The Future of Driving: Google’s Self-Driving Car Comes Closer to Becoming a Reality

by Emmanuel Decaudin

(Photo: Steve Jurvetson)

Have you ever wanted to step into your car, punch in your destination, and fall asleep while your car takes you there? Google intends to make that dream a reality, through its aptly named “Google Self-Driving Car Project.”

After Google’s corporate reorganization, creating the holding company ‘Alphabet,’ the project was moved under the subsidiary organization ‘X’. X’s mission is “to invent and launch ‘moonshot’ technologies that we hope could someday make the world a radically better place,” according to solveforx.com.

According to Astro Teller, “Captain of Moonshots” and Obi Felten, Director of X Foundry, the self-driving car project is “close to graduating.” Projects “graduate,” or move on, from X when Google feels that the project can stand on its own, and either function as its own company or a new subsidiary of Alphabet, or be sold to another research company to be further developed into a functioning, market-ready product.

Examples of projects that have graduated from X in the past include Glass, a head-mounted computer and display, and Google Watch, a wrist-based smartphone companion now better known as Android Wear.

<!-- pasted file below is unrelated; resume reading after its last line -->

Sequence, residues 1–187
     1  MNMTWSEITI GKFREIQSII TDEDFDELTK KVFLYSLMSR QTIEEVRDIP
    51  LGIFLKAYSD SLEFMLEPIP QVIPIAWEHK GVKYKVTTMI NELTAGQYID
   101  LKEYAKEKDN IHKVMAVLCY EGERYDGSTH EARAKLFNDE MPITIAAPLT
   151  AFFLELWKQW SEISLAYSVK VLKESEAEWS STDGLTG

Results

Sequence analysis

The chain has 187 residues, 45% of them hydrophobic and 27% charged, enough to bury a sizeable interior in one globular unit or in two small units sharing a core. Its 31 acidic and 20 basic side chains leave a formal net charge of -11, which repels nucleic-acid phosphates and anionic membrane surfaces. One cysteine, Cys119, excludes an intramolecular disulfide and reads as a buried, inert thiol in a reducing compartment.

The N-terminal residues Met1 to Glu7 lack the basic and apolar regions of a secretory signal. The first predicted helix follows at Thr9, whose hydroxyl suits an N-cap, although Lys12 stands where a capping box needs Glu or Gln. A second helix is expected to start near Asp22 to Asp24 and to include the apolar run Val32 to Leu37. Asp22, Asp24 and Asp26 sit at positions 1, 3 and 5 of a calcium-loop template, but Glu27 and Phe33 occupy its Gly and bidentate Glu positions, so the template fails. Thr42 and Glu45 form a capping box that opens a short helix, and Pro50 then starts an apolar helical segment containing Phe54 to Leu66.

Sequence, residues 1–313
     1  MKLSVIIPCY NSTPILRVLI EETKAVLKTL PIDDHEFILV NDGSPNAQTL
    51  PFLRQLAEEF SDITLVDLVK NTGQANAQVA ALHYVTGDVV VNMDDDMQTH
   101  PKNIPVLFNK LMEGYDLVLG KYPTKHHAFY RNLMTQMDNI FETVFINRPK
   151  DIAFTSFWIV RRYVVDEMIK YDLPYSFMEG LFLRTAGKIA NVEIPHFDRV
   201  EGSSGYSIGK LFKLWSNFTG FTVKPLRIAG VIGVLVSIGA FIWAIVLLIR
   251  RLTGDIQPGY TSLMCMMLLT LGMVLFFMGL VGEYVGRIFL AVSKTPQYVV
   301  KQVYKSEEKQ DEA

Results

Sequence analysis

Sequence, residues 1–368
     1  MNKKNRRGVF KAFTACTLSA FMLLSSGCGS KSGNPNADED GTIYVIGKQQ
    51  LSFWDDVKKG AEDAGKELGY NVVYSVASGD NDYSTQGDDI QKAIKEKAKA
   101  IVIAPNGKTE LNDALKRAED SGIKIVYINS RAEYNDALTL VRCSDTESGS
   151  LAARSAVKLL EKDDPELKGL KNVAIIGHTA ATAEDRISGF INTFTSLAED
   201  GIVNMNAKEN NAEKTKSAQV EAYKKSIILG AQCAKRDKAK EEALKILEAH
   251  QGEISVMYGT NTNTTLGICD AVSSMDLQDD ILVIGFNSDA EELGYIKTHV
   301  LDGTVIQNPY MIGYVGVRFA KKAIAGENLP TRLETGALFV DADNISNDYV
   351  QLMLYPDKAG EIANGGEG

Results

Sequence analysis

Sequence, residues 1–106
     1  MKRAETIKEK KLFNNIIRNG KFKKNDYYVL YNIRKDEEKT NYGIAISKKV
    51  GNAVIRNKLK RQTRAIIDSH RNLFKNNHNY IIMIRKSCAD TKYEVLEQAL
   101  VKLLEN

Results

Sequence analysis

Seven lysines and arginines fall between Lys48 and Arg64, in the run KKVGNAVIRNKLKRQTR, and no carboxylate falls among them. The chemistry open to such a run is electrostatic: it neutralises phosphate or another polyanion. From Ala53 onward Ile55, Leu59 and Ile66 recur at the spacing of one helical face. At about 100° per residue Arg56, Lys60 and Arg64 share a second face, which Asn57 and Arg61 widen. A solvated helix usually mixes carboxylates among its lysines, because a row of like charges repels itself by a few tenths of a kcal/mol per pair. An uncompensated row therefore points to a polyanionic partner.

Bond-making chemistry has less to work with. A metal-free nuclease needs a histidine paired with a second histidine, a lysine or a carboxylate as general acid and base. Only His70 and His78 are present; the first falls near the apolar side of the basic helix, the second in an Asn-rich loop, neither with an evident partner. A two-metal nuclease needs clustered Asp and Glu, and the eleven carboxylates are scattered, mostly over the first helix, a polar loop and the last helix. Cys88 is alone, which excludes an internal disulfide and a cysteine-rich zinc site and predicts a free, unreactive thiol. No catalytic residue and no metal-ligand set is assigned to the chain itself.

As of March 31, 2015, Google’s self driving cars have driven a total of 1,498,214 miles autonomously, or without a human driver controlling the vehicle. (Google Self-Driving Car Project, Monthly Report March 2016) In order to reach this record amount of robotic mileage, Google has had to create highly intricate maps of the area it plans to drive in.

This includes detail about the heights of curbs, the widths of intersections, and the placement of stop signs and traffic lights. Engineers gather this tremendous of amount of detail by driving around and creating a “three-dimensional portrait” of the world using highly intricate lasers.

Analysts then turn that data into information the cars can use to find their way, avoid obstacles, and overall drive more and more safely to make the idea of a computer in charge of your vehicle more palatable.

So if you ever find yourself in Mountain View, California, or Austin, Texas, keep a lookout for any peculiar looking SUVs. There are 21 Lexus RX450h’s, as well as 33 prototype vehicles, traversing the streets with a ‘mind of their own.’

In 20 years, you may be behind the wheel, or should I say, behind the CPU, of one of these self-driving cars yourself.


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